Taika Waititi's speech at the Academy Awards and the fiasco around RNZ Concert this week told two different sides of the same story.
On the one hand, you had a director talking about the importance of telling stories from the perspective of indigenous groups. On the other, you had a small but incredibly powerful group of people clamouring to hold onto the stories and music they want to keep hearing.
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An important part of what's been left out of the RNZ Concert fiasco is that the broadcaster's motivations were partly to better service minority groups, including Māori and Pasifika.
The unwritten observation here is that the RNZ board feels the existing media options simply don't do a good enough job of relaying these groups' perspectives on a consistent basis.
And they may have a point.
In a powerful spoken word track called "Bunga" dropped at the end of last year, Onehunga-based rap collective Swidt – well suited to a local youth radio brand – gives a scathing critique of media representations of Pasifika in New Zealand.
"They call me a bunga, they poke fun at the accent, yet only speak one language," starts the poem, which borrows its name from a slur used against people from the Pacific Islands.
"A bunga, we always blessed with some bad press, our living situation average. Just a bunga, I share a room with six relatives, we draw heat from a stove top element."
It draws on every stereotype, cliche and trope used to describe Pasifika in the media and drives home the complicated relationship New Zealand has with its minority groups.
"They only love us if it's sports achievements .. See a bunga's what they call that, unless you scoring tries for the All Blacks, then you Kiwi."
The point Swidt makes is that if you don't have the means or outlet to tell your own stories, then someone else will do it for you. And the outsider's view will only ever deliver a tiny portion of what you actually are and what success looks like for you.
You also can't read Swidt's sporting reference in "Bunga" without seeing Waititi enveloped in adoration for performing on the global stage and beating competitors – basically, an artsy All Black, loved when he's winning.
This adoration is in contrast to that moment in 2018 when Waititi was cast as a "traitor" among other things, for daring to call New Zealand "racist as f***."
The great irony is that in dedicating his award to "all the indigenous kids in the world who want to do art and dance and write stories," he's making the same point he did two years ago – albeit with more subtle language.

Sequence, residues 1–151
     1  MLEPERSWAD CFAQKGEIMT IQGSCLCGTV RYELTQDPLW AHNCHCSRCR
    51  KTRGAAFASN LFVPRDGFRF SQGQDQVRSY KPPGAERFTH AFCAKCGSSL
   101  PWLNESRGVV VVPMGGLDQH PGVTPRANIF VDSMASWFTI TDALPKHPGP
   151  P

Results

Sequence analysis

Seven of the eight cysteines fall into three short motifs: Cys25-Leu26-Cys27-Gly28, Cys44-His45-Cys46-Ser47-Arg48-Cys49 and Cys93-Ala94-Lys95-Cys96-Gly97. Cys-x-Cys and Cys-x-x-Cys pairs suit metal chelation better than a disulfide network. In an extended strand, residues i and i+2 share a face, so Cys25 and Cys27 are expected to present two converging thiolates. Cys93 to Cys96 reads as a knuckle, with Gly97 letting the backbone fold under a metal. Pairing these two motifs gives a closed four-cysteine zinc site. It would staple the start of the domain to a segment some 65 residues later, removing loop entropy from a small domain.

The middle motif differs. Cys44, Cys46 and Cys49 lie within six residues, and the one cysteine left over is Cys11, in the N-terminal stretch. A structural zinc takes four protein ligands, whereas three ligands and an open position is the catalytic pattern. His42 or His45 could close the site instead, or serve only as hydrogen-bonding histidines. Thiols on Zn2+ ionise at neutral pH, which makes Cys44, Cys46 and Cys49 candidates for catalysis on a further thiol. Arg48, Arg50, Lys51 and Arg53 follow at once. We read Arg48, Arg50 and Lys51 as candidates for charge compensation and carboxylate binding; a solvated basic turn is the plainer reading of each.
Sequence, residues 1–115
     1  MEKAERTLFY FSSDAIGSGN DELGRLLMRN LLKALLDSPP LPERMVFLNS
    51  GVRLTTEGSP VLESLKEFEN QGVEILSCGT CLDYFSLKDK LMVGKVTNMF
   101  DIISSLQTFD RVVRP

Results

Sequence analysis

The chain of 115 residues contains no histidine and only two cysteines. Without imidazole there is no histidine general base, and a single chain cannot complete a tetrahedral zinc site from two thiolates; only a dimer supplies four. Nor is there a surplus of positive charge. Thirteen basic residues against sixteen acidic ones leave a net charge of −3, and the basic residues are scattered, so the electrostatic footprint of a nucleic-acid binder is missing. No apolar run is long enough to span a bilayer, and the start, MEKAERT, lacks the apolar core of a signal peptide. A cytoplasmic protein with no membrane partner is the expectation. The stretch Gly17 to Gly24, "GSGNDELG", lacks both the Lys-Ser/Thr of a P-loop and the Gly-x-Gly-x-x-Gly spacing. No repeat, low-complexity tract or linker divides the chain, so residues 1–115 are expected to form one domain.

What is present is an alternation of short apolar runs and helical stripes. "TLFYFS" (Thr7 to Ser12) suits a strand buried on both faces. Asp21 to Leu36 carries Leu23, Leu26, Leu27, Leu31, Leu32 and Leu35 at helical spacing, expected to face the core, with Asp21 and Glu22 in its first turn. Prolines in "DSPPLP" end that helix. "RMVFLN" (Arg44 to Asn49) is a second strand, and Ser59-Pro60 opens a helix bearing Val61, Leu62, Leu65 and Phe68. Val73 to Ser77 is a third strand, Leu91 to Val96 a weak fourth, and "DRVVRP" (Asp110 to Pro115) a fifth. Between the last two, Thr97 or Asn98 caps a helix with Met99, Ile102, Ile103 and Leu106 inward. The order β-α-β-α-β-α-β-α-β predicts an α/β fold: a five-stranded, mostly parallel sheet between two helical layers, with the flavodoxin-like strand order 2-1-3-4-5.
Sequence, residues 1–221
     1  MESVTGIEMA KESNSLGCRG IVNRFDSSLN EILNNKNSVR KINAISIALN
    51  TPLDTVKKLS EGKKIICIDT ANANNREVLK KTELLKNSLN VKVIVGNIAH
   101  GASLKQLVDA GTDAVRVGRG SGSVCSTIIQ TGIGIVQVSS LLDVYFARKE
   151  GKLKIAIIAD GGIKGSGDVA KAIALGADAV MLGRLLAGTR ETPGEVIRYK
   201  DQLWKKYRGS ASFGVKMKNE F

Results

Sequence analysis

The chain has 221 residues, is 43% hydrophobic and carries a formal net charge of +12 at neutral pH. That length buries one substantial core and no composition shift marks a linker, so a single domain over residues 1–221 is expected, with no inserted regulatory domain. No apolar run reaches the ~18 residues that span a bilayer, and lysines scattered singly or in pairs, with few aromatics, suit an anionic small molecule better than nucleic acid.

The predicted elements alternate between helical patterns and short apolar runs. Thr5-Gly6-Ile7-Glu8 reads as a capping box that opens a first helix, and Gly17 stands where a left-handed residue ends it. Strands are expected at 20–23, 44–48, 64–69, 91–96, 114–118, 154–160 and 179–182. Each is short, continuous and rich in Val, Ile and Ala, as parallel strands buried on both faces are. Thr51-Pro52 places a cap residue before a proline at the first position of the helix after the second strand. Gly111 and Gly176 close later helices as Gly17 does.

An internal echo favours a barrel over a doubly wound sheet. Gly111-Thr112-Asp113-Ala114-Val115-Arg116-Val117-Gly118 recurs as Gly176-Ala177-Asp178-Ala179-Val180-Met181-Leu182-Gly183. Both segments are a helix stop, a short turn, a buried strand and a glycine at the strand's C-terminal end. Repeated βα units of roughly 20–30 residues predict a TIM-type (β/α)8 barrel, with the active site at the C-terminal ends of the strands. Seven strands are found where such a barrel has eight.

In standing up on that stage, Waititi was essentially tearing up the script that had long been written for people who look like him, and offering the youth a less familiar story. This is the power of giving a platform and voice to people who otherwise struggle to be heard.
There's a clear parallel here with Siyamthanda Kolisi, who became the first non-white rugby player to captain a World Cup-winning team. Both these stories capture the imagination because they're so incongruent with the status quo and the power dynamics that were bequeathed to these two figures. They become global sensations because of how unlikely they are.
The fact that these stories are still exceptional in 2020 is part of the problem. It tells us that people from marginalised groups must tear up scripts and overcome insurmountable odds just to present a slightly different face for success.
A youth brand with a clear focus on minority groups wouldn't have solved all these problems but it would have presented an opportunity for those groups to write their own stories – even if only in a small sliver of the FM spectrum.
In this context, you can't look at RNZ Concert's great escape without considering the power dynamics at play. You have a largely Pākehā audience, leaning to the older side, who also happen to make up an important part of the voting public, flex its muscle on social media and ultimately get its way. There's something a little uneasy about how familiar this story feels.
This is not to say that Concert doesn't deserve to be heard. On the contrary, the important role the station plays in promoting and supporting the arts community is essential and shouldn't be jettisoned.
Prime Minister Jacinda Ardern is onto something when she says it shouldn't be one or the other and she has now promised to dust off an old unused FM frequency to accommodate the youth brand while keeping Concert on air. But committing to both while keeping Concert in its original format will cost RNZ and its primary backer a lot more money.
Now it's just a question of whether the Government deems those untold stories worth paying for – and, if so, how much?